Credit Card Scam Alert

zakalwe

Active member
Joined
Oct 20, 2005
Messages
171
hi there,

don't usually forward these but this is being circulated in the bank i work for:

This one is pretty slick since they provide Y O U with all the information, except the one piece they want.

Note, the callers do not ask for your card number; they already have it. This information is worth reading. By understanding how the VISA & MasterCard Telephone Credit Card Scam works, you'll be better prepared to protect yourself.

One of our employees was called on Wednesday from "VISA", and I was called on Thursday from "MasterCard".

The scam works like this: Person calling says, "This is (name), and I'm calling from the Security and Fraud Department at VISA. My badge number is 12460. Your card has been flagged for an unusual purchase pattern, and I'm calling to verify. This would be on your VISA card which was issued by (name of bank) did you purchase an Anti-Telemarketing Device for £497.99 from a Marketing company based in London?" When you say "No", the caller continues with, "Then we will be issuing a credit to your account. This is a company we have been watching and the charges range from £297 to £497, just under the £500 purchase pattern that flags most cards. Before your next statement, the credit will be sent to (gives you your address), is that correct?"

You say "yes". The caller continues - "I will be starting a fraud investigation. If you have any questions, you should call the 0800 number listed on the back of your card (0800-VISA) and ask for Security.

You will need to refer to this Control Number. The caller then gives you a 6 digit number. "Do you need me to read it again?"

Here's the IMPORTANT part on how the scam works the caller then says,
"I need to verify you are in possession of your card." He'll ask you to "turn your card over and look for some numbers." There are 7 numbers; the first 4 are part of your card number, the next 3 are the security numbers that verify you are the possessor of the card. These are the numbers you sometimes use to make Internet purchases to prove you have the card. The caller will ask you to read the 3 numbers to him. After you tell the caller the 3 numbers, he'll say, "That is correct, I just needed to verify that the card has not been lost or stolen, and that you still have your card. Do you have any other questions?" After you say, "No," the caller then thanks you and states, "Don't hesitate to call back if you do", and hangs up.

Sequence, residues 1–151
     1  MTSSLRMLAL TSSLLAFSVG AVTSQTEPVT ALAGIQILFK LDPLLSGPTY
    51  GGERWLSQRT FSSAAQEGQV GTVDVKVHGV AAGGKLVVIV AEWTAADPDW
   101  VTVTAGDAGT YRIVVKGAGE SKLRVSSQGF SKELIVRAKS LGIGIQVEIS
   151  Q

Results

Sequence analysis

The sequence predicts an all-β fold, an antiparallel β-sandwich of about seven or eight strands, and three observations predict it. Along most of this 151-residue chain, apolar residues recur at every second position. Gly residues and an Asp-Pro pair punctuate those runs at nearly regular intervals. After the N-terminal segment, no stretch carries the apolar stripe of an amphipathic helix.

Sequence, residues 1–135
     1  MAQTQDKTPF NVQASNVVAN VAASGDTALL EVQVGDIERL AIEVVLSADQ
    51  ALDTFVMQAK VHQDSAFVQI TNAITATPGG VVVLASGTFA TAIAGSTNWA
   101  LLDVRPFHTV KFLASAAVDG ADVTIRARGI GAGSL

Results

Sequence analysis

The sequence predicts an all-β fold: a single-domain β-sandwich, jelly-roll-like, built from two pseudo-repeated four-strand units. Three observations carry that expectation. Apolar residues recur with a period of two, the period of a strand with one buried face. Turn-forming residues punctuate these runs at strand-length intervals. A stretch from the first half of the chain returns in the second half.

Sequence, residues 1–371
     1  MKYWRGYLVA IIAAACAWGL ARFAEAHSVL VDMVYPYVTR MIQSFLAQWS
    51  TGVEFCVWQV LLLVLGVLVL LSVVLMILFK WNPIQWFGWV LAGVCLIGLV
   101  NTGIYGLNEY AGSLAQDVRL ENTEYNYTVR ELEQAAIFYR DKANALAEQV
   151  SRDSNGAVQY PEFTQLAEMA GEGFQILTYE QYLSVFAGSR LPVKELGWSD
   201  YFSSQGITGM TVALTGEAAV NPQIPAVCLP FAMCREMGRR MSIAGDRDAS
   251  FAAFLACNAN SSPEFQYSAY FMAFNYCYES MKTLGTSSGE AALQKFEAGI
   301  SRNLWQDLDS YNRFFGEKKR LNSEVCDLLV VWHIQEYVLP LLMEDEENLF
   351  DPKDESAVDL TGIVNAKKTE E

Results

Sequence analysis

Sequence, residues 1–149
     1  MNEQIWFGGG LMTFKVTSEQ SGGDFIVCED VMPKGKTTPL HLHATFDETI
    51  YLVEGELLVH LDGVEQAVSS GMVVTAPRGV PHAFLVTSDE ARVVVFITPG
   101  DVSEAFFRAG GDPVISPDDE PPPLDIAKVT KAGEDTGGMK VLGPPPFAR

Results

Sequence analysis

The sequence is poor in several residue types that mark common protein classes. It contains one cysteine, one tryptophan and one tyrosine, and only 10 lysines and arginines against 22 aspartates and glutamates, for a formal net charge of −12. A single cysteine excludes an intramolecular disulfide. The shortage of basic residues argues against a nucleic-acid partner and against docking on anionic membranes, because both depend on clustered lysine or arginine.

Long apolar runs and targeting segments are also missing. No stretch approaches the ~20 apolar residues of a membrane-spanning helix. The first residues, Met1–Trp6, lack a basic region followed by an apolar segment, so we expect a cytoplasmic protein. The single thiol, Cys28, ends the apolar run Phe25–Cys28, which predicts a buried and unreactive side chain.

You actually say very little, and they never ask for or tell you the Card number. But after we were called on Wednesday, we called back within 20 minutes to ask a question. Are we glad we did! The REAL VISA Security Department told us it was a scam and in the last 15 minutes a new purchase of £497.99 was charged to our card.

Long story - short - we made a real fraud report and closed the VISA account. VISA is reissuing us a new number.
What the scammers want is the 3-digit PIN number on the back of the card.
Don't give it to them. Instead, tell them you'll call VISA or MasterCard directly for verification of their conversation. The real VISA told us that they will never ask for anything on the card as they already know the information since they issued the card! If you give the scammers your 3 Digit PIN Number, you think you're receiving a credit. However, by the time you get your statement you'll see charges for purchases you didn't make, and by then it's almost too late and/or more difficult to actually file a fraud report.

What makes this more remarkable is that on Thursday, I got a call from a "Jason Richardson of MasterCard" with a word-for-word repeat of the VISA scam. This time I didn't let him finish. I hung up! We filed a police report, as instructed by VISA. The police said they are taking several of these reports daily! They also urged us to tell everybody we know that this scam is happening.
 


drbob1972

Active member
Joined
May 1, 2007
Messages
257
so to perpetrate this scam they already know your name, address, telephone no, and presumably your CC number and expiry date, its just the CVV (or CCV) no they are missing ? where did they get all that information from ? this "scam" reporting sounds a bit suspicious to be honest
 

anonymoose

New member
Joined
Nov 22, 2007
Messages
3
Banks do shite like this all the time

This sort of scam is very difficult to detect as the scammer is starting off with all your information and thus appears genuine. If this happens to you then someone has already been very sloppy with your credit card details.

When the banks cold call you with I'm your personal banker etc etc calls they ask for some personal information to verify they're talking to the correct account holder.